February 14, 2014
Napoleonic Code VS the Bill of Rights
The Napoleonic Code, which was created by Napoleon in 1804, differs greatly from The Bill of Rights, introduced by James Madison and came into effect in 1791. While there are a lot of differences, there are also some similarities between the two. The differences in the two documents are quite obvious. The Bill of Rights concerns the Freedoms that each person is considered to have as a citizen of the United States. The Napoleonic Code unified French law and became the model for legal systems in most other nations in the world. While probably being Napoleon’s most lasting accomplishment, the Napoleonic Code gave Europe a uniform set of laws. The Bill of Rights was in use well before the development of the Napoleonic Code, however some elements of each are similar to the other.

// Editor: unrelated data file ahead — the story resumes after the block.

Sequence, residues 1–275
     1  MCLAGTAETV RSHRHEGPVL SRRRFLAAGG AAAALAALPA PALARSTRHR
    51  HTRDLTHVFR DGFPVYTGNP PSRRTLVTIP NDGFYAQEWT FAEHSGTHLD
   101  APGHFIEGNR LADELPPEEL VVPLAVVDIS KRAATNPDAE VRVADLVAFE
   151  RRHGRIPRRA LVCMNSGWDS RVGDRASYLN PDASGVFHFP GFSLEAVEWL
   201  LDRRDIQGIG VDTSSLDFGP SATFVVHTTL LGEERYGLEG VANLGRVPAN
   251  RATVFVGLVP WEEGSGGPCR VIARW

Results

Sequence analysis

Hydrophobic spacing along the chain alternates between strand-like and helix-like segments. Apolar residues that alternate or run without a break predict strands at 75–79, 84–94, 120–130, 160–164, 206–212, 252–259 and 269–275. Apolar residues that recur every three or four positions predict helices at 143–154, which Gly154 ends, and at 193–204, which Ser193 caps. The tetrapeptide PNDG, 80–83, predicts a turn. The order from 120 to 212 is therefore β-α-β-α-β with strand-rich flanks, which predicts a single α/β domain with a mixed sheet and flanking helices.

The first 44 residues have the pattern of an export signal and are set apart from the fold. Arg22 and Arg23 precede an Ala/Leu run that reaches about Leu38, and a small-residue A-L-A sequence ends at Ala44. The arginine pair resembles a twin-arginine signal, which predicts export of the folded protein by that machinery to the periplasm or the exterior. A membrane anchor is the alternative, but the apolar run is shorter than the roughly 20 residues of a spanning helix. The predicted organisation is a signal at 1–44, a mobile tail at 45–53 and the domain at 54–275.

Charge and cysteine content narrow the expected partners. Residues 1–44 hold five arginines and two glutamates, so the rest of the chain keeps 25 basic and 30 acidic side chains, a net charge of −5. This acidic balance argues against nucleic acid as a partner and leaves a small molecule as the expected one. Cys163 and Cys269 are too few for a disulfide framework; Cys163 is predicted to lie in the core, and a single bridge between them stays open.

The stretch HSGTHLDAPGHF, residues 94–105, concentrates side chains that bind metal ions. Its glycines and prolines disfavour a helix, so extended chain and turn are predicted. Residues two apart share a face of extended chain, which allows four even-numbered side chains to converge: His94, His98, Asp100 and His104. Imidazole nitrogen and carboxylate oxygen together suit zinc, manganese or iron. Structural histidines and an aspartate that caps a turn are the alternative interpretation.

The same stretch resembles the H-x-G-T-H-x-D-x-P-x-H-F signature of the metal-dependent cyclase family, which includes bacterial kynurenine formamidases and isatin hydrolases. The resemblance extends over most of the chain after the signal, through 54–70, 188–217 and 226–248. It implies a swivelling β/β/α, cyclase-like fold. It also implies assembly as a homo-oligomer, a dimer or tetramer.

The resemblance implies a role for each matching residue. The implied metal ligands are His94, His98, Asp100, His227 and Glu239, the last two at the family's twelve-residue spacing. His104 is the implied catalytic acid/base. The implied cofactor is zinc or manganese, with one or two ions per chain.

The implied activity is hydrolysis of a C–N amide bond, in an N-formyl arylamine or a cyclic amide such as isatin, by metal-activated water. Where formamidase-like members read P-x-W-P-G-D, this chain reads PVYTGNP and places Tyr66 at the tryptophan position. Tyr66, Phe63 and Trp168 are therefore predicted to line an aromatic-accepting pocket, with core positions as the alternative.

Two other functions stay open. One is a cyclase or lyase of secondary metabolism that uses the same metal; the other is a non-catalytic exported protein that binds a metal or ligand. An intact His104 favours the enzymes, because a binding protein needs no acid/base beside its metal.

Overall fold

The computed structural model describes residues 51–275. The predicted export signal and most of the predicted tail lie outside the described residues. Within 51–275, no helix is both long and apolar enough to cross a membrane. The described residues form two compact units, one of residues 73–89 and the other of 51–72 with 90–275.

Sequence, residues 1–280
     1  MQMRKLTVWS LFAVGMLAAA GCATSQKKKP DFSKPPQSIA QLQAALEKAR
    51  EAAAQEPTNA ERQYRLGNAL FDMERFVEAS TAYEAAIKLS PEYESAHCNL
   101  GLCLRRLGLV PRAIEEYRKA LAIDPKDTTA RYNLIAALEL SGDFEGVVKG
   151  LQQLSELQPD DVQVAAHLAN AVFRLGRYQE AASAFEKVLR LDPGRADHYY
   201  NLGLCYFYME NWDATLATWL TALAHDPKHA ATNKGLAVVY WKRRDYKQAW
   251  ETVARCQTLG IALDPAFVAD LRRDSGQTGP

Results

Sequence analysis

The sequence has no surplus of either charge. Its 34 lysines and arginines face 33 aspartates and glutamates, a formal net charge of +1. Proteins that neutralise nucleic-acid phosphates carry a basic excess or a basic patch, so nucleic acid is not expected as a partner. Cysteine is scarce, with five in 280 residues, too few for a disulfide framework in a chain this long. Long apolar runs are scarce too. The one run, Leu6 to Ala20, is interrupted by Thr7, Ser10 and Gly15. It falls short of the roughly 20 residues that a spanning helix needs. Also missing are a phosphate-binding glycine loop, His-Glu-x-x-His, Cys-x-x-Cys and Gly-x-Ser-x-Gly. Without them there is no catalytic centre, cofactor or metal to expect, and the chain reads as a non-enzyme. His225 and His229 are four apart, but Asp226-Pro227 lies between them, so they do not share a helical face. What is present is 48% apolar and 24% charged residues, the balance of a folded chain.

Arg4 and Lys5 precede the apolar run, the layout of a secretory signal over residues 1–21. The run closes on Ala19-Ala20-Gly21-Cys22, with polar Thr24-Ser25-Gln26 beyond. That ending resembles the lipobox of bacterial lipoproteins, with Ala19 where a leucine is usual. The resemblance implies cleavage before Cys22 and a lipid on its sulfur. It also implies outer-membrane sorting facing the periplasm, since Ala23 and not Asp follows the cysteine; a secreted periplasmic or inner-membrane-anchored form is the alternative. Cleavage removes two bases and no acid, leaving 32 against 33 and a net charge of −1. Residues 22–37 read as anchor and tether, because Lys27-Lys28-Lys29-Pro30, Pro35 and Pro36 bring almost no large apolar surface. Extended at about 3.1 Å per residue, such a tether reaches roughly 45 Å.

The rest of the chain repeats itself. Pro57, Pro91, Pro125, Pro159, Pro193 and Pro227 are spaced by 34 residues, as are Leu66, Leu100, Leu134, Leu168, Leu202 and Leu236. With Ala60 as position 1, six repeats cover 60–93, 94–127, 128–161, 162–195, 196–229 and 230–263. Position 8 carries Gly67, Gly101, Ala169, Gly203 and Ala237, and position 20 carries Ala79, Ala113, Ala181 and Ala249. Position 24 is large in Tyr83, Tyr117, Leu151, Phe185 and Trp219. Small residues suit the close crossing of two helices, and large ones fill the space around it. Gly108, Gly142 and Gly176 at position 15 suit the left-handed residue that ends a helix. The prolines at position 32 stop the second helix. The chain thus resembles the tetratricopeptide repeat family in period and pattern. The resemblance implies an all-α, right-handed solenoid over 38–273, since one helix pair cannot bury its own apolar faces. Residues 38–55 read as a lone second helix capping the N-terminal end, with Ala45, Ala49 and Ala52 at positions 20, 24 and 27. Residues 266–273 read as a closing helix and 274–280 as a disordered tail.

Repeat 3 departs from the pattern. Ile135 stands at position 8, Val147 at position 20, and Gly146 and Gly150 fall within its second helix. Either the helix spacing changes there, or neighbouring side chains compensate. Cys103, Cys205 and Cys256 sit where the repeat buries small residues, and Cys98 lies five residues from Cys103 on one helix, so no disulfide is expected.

The Bill of Rights was introduced by James Madison to the 1st United States Congress as a series of lawmaking articles. They were accepted by the House of Representatives on August 21, 1789; formally suggested by combined resolve of Congress on September 25, 1789; and came into effect as Constitutional Amendments on December 15, 1791, through the process of approval by three-fourths of the states. The Bill of Rights counts freedoms not openly shown in the main part of the Constitution; such as freedom of religion, freedom of speech, a free press, and free assembly; the right to keep and bear arms; freedom from unreasonable search and seizure, security in personal effects, and freedom from warrants issued without probable cause; accusation by a grand jury for any capital or "infamous crime"; guarantee of a speedy, public trial with an fair jury; and ban of double threat. In addition, the Bill of Rights reserves for the people any rights not specifically mentioned in the Constitution and reserves all powers not specifically granted to the federal government to the people or the States.
The Napoleonic Code was made...
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